After the first tape is complete, if it is the first in a set, you are prompted for the second tape, and so on.
After the first tape set (full backup) is completed, you are prompted for any incremental or additional tapes to be restored.
When all tapes have been restored, you are asked whether you are ready to restart the system.
When the recovery is complete, you see this message:
Recovery complete, restarting system.
|Note: If your backup tapes were old, or you were changing your operating system level, you should reinstall the operating system from the IRIX CD that came with your system after system recovery is complete. When you see the Startup System notifier, press Esc or click Stop for Maintenance. Then click Install System Software. For more information on installing the operating system, see “Installing Software” in the Personal System Administration Guide or the Installation Instructions booket that came with your CDs.|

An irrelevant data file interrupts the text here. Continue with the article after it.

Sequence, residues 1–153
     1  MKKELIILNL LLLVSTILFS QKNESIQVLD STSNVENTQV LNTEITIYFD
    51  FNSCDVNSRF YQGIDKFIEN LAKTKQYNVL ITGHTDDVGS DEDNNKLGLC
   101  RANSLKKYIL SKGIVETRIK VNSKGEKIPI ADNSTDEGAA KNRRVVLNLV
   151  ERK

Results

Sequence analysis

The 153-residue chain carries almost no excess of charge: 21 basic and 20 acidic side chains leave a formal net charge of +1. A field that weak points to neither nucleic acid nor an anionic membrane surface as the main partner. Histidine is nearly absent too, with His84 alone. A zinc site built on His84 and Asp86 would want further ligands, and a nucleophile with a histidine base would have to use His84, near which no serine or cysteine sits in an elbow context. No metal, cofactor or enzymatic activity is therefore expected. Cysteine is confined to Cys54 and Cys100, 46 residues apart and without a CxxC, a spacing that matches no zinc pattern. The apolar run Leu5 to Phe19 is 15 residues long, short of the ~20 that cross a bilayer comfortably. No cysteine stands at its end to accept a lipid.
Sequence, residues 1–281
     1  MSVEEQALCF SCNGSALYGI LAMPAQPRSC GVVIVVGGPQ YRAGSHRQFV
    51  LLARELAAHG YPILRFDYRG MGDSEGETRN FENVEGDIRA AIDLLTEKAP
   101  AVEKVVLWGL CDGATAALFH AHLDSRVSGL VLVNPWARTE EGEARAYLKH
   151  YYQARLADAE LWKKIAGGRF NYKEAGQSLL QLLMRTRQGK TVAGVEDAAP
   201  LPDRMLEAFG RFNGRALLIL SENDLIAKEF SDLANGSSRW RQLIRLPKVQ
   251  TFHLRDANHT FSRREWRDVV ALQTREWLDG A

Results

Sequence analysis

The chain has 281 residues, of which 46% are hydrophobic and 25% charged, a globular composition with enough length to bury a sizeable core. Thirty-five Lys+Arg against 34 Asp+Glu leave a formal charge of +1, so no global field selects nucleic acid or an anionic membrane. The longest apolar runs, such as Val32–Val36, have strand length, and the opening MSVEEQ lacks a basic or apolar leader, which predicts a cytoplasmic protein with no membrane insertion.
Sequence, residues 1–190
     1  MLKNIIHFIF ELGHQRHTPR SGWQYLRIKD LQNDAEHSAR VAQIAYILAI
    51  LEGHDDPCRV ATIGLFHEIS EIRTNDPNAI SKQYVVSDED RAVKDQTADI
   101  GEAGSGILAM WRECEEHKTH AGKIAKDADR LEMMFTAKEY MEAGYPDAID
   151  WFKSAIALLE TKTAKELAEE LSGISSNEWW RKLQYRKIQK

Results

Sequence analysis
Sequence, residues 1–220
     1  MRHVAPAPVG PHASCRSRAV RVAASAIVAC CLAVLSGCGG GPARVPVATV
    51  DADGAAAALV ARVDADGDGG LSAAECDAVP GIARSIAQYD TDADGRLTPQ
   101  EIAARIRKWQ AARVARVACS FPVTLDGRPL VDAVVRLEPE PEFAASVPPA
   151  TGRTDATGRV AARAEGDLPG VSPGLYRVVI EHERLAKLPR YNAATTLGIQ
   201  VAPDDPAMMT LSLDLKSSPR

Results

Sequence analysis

If you are in the System Maintenance menu, and you choose Install System Software, Run Diagnostics, Recover System, or Enter Command Monitor, you may be prompted for a password.
If you do not know the password, you can disable it by installing a jumper (a small cap that connects two pins) on the system board inside the workstation. The system board is located in the system module. To install the jumper, you must first remove the system module.
Go to Chapter 2, “Preparing the Workstation to Remove and Install a CPU and Memory” and follow the instructions through “Removing the System Module.” After the system module is removed, return here for instructions on disabling the password.
|Note: The jumper is a small plastic cap that resides near the CPU. See Figure 8-13. The jumper sits on the right two of three pins.|
Follow these steps:
Locate the white rectangle printed on the system board at the base of the jumper. The rectangle has “Disable passwd” beside it. The white rectangle surrounds the jumper and one pin to the left of the jumper. The jumper is on the middle and right pins.